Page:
Y is Marjorie Celona's newly released debut novel. I think you're going to be hearing lots more about this author and title.
"Y. That perfect letter. The wishbone, fork in the road, empty wineglass. The quetion we ask over and over. Why?"
And the Y is where the story begins as well - the YMCA in a town on Vancouver Island. The Y is where Shannon's mother Yula leaves her when she is a day old, wrapped in a dirty sweatshirt with a Swiss Army knife as her legacy.
As a baby Shannon is shifted through various foster homes until she lands with Miranda and her daughter Lydia-Rose. It is with Miranda that she finally finds some stability and safety. But it is here that she also begins to act out, to question, to search, to need and to want to find her parents and answers.
"I want to know who my real family is, who I really belong to, why I look this way, why I feel this ay. I want to know these things more than anything in the world." "I don't need my mother to be a good person. I just want to know who she is."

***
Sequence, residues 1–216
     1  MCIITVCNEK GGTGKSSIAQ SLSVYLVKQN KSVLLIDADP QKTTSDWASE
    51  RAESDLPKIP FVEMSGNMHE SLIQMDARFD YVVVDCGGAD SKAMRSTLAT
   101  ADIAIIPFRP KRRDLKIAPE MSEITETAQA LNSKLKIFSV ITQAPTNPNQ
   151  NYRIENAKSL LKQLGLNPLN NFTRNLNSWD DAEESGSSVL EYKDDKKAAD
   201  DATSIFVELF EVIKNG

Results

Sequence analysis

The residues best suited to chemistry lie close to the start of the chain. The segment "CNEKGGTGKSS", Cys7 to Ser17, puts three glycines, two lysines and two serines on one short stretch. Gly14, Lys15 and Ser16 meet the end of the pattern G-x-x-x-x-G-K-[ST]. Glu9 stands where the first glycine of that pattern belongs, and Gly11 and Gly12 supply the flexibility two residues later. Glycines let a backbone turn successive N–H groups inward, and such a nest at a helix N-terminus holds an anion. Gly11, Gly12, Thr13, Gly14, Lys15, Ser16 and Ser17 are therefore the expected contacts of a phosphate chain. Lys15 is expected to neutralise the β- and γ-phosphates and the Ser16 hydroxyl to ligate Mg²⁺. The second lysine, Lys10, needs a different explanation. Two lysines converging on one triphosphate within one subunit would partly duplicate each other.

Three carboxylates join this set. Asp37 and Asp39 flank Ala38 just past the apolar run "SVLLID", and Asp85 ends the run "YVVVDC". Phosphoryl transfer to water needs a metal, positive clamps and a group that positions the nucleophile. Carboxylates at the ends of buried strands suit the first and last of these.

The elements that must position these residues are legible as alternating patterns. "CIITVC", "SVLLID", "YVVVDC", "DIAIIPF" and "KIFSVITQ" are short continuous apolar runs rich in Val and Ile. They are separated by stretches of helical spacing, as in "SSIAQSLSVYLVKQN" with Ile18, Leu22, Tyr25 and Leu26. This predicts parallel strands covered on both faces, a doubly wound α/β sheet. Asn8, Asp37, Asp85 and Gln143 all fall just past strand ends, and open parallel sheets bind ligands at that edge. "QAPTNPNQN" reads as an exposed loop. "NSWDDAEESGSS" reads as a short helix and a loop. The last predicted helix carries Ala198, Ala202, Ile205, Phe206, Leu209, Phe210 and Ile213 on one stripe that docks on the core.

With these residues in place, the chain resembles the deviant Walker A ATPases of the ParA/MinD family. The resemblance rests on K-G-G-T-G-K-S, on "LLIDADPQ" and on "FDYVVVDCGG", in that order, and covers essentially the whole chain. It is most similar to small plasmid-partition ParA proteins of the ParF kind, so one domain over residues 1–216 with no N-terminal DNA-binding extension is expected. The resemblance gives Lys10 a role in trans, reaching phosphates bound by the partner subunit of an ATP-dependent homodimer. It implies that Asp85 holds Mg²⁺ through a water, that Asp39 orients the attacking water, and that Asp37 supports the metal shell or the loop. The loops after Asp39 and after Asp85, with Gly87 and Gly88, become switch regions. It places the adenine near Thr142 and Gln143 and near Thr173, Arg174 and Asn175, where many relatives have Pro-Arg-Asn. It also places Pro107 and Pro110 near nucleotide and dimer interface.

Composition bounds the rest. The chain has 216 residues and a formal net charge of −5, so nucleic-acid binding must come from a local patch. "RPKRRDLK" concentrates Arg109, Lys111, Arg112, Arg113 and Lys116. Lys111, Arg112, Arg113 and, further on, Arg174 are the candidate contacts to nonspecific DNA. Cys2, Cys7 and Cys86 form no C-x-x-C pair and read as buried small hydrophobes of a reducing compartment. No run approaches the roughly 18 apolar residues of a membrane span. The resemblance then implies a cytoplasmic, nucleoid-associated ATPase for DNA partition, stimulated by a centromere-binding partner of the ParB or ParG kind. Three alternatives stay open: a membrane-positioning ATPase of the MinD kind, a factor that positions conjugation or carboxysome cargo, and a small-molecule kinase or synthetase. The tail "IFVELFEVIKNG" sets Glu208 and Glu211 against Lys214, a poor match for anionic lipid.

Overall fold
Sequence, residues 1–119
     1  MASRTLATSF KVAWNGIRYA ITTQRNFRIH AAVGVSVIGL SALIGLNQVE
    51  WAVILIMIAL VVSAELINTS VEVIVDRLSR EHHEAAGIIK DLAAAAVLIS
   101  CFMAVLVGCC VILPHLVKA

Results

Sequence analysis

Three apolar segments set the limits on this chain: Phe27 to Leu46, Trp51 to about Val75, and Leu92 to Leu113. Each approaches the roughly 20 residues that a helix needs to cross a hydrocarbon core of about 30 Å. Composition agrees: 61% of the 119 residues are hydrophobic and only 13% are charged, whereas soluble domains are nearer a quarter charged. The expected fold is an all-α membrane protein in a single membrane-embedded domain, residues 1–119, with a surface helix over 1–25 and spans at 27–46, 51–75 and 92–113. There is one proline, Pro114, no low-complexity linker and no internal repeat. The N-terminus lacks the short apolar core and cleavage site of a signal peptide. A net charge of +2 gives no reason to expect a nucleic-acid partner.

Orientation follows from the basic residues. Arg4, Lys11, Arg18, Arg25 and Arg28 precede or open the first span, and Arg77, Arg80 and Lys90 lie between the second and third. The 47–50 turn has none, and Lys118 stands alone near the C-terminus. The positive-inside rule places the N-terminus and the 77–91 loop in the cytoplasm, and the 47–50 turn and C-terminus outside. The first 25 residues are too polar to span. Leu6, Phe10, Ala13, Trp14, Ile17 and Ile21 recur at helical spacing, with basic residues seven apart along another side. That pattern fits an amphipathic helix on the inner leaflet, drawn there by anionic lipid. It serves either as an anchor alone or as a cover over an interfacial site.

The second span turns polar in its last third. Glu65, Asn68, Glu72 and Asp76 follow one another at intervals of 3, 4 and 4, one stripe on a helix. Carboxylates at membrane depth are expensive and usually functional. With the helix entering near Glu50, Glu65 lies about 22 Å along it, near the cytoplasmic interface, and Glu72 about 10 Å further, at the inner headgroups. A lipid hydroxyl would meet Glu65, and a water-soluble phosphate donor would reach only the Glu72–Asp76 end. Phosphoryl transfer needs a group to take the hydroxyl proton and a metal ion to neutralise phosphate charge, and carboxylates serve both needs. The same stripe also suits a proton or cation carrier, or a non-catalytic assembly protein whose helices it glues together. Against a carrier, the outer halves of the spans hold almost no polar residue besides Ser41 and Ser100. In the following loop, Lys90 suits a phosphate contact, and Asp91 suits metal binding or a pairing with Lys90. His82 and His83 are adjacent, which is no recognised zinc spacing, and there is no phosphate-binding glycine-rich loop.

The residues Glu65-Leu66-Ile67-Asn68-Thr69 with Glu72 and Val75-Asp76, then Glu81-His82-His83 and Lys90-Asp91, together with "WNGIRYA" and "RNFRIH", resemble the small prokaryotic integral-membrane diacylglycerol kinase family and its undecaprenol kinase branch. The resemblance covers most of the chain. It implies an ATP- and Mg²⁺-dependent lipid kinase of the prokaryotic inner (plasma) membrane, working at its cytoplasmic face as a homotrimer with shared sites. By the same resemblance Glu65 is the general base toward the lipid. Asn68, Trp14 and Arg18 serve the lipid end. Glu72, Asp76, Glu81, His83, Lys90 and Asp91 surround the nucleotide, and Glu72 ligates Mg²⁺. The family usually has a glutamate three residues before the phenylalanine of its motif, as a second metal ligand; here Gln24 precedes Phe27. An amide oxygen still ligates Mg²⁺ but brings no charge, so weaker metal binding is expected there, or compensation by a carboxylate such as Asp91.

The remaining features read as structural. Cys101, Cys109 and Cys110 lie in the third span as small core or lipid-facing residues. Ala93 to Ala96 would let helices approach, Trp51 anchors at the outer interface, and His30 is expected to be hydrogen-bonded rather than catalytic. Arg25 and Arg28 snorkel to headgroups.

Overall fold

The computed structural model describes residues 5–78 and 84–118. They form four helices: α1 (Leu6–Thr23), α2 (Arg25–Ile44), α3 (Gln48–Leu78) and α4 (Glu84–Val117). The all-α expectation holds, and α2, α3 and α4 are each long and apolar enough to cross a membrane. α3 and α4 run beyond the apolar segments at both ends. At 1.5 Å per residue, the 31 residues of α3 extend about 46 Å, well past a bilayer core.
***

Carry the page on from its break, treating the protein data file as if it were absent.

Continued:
Celona has chosen an unusual narrative style for her book - but it's one that absolutely works. Young Shannon recounts her life and that of her mother as an almost disinterested third party observer, then switches to current day. The story goes back and forth, past and present, between Shannon's story and that of her mother Yula. Each woman's tale is so addicting and absorbing that I could not find a place to stop. I had to keep reading, to discover the why of Yula's decision, to discover if Shannon finds her way, her place, the answers she needs and if it is enough.
Celona's prose flow easily and seamlessly, drawing the reader deeper and deeper into the story. Both Shannon and Yula's narratives are powerful and poignant. Although Yula's story is no less compelling, it was Shannon I wanted to hug and comfort. Their lives are not easy to read about, but impossible to turn away from.
I was thinking about Y long after I turned the last page. Did I like the ending? What if....? What is the right thing to do? Who can judge? What is love? And that's the mark of a good book - one that keeps you thinking about it after the last page is turned. Definitely recommended.